McMansions have sprouted up all over the country in subdivisions and suburban neighborhoods. Some people love them, but it seems the majority does not like the "corny columns, mismatched windows, and construction that buts right up to the property line," says writer Erik Gunther.

For those that can't stand McMansions, there's McMansionHell, a website from architecture aficionado Kate Wagner that breaks down the problems with McMansions piece by piece. The site was recently mentioned in a Bloomberg News piece about the declining value of these houses, but the piece reported that the site/blog was authored anonymously. So talked to Wagner in this Q&A, where she discusses just why she thinks that McMansions deserve a special place. She says:

Q: McMansions are like the classic definition of obscenity—”I know when I see it”—but we’ve never come up with a concrete definition for them. So how do you really define a McMansion?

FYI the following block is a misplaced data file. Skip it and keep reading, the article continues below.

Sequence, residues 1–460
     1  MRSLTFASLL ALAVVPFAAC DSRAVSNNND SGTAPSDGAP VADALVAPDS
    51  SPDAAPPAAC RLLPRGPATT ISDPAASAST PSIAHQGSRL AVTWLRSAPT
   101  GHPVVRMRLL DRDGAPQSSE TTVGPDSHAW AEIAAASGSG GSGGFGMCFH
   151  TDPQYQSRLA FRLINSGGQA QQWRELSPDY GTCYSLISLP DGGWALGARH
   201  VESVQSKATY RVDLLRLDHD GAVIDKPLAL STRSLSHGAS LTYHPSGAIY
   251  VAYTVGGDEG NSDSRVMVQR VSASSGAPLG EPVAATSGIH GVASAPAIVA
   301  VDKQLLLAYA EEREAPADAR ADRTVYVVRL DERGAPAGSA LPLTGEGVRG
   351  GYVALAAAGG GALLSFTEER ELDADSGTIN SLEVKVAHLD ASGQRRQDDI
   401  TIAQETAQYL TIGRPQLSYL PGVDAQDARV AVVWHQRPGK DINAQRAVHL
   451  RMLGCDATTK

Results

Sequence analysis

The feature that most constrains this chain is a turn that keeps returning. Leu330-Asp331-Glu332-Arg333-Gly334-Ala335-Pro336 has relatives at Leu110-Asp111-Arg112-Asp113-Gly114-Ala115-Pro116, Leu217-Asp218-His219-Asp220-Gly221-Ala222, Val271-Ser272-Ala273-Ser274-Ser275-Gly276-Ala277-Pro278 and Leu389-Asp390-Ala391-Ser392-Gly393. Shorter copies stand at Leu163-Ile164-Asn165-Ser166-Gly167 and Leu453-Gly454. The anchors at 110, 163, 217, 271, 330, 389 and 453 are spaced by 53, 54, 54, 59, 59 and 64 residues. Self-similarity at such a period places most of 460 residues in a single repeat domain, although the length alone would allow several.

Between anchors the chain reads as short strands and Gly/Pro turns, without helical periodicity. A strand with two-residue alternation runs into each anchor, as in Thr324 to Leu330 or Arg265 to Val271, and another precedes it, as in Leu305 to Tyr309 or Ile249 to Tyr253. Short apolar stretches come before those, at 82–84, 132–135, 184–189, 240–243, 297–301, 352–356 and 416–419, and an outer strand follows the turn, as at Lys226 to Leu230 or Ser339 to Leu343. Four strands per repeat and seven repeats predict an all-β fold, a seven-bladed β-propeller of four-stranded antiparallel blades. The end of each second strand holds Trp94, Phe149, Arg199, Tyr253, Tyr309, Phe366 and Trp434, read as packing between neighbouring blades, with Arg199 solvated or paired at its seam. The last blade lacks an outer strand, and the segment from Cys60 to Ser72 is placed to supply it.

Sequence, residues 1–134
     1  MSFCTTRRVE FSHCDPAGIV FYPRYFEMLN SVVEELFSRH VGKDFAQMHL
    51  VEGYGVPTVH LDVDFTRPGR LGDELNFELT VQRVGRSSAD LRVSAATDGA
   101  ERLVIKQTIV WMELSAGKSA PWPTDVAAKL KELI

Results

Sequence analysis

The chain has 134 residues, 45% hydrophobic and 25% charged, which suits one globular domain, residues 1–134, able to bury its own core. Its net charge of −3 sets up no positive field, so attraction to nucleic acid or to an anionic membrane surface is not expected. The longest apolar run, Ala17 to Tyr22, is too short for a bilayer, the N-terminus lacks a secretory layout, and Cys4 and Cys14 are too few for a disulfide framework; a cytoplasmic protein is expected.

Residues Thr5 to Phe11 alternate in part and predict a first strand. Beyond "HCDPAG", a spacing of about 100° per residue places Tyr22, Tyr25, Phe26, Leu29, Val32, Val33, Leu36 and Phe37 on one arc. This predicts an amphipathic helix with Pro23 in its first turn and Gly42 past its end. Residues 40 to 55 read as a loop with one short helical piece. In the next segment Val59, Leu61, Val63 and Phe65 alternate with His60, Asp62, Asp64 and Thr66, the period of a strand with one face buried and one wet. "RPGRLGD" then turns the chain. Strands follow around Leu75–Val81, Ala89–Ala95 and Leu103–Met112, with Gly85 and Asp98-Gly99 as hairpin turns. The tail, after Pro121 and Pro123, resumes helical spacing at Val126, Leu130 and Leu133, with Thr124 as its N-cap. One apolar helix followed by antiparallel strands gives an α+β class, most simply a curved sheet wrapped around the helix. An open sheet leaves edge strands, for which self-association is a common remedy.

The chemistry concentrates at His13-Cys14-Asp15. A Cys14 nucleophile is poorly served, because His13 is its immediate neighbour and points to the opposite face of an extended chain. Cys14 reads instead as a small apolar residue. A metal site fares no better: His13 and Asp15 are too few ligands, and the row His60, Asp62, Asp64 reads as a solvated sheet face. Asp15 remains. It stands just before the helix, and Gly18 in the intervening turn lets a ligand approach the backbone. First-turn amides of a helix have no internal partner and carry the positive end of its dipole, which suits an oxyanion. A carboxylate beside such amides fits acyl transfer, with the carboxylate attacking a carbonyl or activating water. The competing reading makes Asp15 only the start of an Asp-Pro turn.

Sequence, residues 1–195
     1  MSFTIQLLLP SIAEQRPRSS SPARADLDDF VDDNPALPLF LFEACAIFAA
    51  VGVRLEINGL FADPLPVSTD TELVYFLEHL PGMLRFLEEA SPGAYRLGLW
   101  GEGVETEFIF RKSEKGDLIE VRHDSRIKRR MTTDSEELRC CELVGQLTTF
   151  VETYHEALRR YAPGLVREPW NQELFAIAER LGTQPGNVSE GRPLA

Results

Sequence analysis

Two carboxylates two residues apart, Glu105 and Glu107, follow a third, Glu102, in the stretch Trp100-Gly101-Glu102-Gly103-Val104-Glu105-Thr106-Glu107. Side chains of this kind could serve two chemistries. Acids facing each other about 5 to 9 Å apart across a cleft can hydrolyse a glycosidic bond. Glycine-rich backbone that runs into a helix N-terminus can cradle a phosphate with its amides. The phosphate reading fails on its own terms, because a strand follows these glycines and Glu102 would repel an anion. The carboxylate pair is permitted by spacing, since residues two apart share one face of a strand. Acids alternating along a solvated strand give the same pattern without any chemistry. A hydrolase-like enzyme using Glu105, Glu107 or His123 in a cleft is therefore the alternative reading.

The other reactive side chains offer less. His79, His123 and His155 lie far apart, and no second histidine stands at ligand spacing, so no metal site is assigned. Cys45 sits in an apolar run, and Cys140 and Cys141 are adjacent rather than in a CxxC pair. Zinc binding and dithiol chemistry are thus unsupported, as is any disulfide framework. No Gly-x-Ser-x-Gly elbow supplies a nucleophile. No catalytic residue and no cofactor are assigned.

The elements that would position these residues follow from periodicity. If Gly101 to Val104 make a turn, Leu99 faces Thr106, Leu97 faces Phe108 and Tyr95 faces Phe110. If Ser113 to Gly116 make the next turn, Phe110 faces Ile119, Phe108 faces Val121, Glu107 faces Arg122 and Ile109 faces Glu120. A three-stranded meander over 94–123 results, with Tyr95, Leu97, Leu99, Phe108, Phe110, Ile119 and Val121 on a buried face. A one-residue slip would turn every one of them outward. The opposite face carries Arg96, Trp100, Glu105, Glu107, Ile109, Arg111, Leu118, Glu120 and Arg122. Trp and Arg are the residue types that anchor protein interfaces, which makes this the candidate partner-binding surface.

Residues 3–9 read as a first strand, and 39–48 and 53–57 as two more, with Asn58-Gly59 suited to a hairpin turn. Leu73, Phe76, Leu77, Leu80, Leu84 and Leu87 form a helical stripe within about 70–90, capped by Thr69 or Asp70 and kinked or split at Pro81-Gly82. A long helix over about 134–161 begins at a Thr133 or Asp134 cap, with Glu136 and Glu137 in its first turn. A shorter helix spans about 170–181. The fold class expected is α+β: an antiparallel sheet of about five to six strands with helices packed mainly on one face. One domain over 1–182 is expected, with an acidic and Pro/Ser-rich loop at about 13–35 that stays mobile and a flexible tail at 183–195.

A: Many attempts have been made to quantify the McMansion, and I think the obscenity analogy is spot on. It’s a large house (larger than 3,000 square feet), designed without consideration of architectural history or basic principles of good design. They’re built cheaply and without concern for the landscape around them, leading to the trope of the giant house on the tiny lot.

Q: What’s been the response to your site?

A: The response has been overwhelmingly positive. People are thankful that someone is coming out of the woodwork, so to speak, and giving them the vocabulary to describe why they do or do not like something.

Many people hate these houses, and they don’t know why. We’re helping them articulate it.

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